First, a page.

The Bonan ethnic group is one of China’s smallest ethnic groups. With a population of about 16,000, they mainly cluster in the area around Mt. Jishishan and Linxia County in southwest Gansu Province. Buddhist Bonans live in the neighboring Qinghai Province.
Judging from their legends, language features and customs, many of which were identical with those of the Mongolians, the Bonan minority seems to have taken shape after many years of interchanges during the Yuan and Ming (1271-1644) periods between Islamic Mongolians who settled down as garrison troops in Qinghai’s Tongren County, and the neighboring Hui, Han, Tibetan and Tu people. The Bonans used to live in three major villages in the Baoan region, situated along the banks of the Longwu River within the boundaries of Tongren County.
During the early years of the reign of Qing Emperor Tongzhi (1862-1874), they fled from the oppression of the feudal serf owners of the local Lamaist Longwu Monastery. After staying for a few years in Xunhua, they moved on into Gansu Province and finally settled down at the foot of Jishi Mountain in Dahejia and Liuji, Linxia County. Incidentally, they again formed themselves into three villages – Dadun, Ganmei, and Gaoli – which they referred to as the “tripartite village of Baoan” in remembrance of their roots.
The Bonan’s language belongs to the Mongolian branch of the Altaic language family. Both the Muslim Bonans in Gansu and their Buddhist cousins in Qinghai (officially classified as Monguor) have historically spoken the Bonan language. The Buddhist Bonans of Qinghai, however, speak a slightly different dialect than the Muslim Bonans of Gansu.
Due to frequent daily communication with the neighboring Han people, the Bonan language of Gansu has undergone Chinese influences. Whereas, the Bonan language of Qinghai has been influenced by Tibetan.
They don’t have a written script.
The Bonans mainly engage in agriculture, livestock raising, and handicraft. The forged broadswords they make, called “Bonan knives,” are delicate and durable, and enjoys a great reputation near and far. Production of these knives began about a hundred years ago.
Their staple diet consists of wheat, highland barley and corn, and the meat they only eat mutton and beef. The four distinctive foods are: kangguo steamed bun; green barley steamed stuffed bun; Hezhou steamed stuffed bun; pigeon meat porridge.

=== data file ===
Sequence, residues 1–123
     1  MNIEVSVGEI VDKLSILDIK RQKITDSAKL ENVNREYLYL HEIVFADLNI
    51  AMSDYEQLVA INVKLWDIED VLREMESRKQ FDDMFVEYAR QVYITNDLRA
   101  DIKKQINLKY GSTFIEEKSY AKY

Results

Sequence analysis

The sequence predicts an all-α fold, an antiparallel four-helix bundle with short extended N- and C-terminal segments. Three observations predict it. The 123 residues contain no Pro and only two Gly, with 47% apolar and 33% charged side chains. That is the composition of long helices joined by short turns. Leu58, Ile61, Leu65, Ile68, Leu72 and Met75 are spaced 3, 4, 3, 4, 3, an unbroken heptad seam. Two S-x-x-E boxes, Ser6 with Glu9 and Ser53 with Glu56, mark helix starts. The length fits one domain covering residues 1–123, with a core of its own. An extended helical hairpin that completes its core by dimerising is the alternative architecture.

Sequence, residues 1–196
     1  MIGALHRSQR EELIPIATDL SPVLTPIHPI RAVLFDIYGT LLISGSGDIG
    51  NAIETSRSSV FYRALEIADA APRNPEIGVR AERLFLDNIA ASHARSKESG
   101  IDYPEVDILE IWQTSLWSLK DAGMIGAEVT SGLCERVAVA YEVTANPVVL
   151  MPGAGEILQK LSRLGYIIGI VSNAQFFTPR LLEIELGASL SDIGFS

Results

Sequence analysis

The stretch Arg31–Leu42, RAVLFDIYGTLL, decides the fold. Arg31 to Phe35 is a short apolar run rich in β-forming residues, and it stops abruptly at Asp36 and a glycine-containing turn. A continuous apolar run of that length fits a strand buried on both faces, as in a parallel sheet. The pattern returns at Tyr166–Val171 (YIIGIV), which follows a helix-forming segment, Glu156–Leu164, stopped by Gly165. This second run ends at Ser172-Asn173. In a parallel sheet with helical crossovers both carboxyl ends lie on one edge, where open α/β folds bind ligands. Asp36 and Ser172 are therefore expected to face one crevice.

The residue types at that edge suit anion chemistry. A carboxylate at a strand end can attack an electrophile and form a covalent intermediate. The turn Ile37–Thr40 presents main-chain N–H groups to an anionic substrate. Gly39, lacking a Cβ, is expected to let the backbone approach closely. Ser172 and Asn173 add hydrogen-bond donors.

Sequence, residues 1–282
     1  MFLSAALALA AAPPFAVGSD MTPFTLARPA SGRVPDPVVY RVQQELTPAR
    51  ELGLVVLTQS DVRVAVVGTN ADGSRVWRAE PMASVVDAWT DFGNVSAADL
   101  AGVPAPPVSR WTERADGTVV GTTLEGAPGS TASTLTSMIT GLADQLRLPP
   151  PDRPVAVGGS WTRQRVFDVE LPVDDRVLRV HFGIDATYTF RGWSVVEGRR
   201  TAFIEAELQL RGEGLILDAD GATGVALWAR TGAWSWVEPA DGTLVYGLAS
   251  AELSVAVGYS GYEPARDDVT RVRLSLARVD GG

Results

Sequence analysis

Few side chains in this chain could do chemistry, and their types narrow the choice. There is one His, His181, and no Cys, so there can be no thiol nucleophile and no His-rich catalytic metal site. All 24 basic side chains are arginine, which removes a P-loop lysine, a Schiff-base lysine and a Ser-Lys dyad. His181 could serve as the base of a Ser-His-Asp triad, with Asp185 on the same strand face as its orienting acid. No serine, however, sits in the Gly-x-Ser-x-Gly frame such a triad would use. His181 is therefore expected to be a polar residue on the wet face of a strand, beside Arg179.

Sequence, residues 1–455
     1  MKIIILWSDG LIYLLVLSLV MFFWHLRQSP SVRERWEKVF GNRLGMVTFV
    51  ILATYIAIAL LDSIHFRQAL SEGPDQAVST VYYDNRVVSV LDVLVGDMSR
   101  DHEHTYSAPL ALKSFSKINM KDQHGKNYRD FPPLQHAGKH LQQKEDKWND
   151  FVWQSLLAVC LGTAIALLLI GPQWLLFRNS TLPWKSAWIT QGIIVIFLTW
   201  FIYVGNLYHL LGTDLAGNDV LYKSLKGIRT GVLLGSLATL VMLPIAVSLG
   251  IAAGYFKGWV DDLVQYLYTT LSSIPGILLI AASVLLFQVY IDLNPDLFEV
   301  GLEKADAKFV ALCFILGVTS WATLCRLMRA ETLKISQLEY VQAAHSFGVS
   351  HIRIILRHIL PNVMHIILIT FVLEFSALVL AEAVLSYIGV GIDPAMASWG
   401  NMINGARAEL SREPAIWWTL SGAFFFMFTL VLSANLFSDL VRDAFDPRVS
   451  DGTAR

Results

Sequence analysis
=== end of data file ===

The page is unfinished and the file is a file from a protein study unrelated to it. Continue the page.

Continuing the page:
Bonans fast from pork, dog meat, horse meat, donkey meat, mule meat, snake meat, turkey and all fierce poultry. Eating the blood of animals and dead animals are forbidden. Bonans also don’t drink and smoke, etc.
The raiment of the Bonan ethnic group has been adopted from Mongolian, Tibetan, and Hui dress. Men usually wear a round-top cap made of black or white fabric, a white jacket with a black waistcoat on it. Women wear clothes in bright colors, with sleeves and sides of trousers bound in different colors. Married Bonan women wear black veils, while unmarried women wear green veils.
The Bonan people, mainly Muslims, practice Islam.
In daily life and social customs, they share the same living styles as the Hui and Dongxiang nationalities in the local area. Weddings are usually held on Fridays, and the new couple stays with the groom’s parents. During the first three days after the wedding, the bride can only eat the food cooked by her parents to show gratitude to her parents for raising her.
The Bonan ethnic group has a rich store of folk tales and ballads transmitted orally. Bonan people are skilled in singing and dancing; the vast majority of people can sing the folk song “Bonan Flower.” Their dance has absorbed some characteristics of Tibetan dance, the rhythm of the action is bright, lively and vigorous. Besides, Bonan men like to play silk-and-bamboo music and the women are good at paper cutting.
The main festivals of the Bonan people include the Corban Festival, the Almsgiving Festival, and the Kaizhai Festival. They also celebrate the traditional Chinese festivals, such as Spring Festival.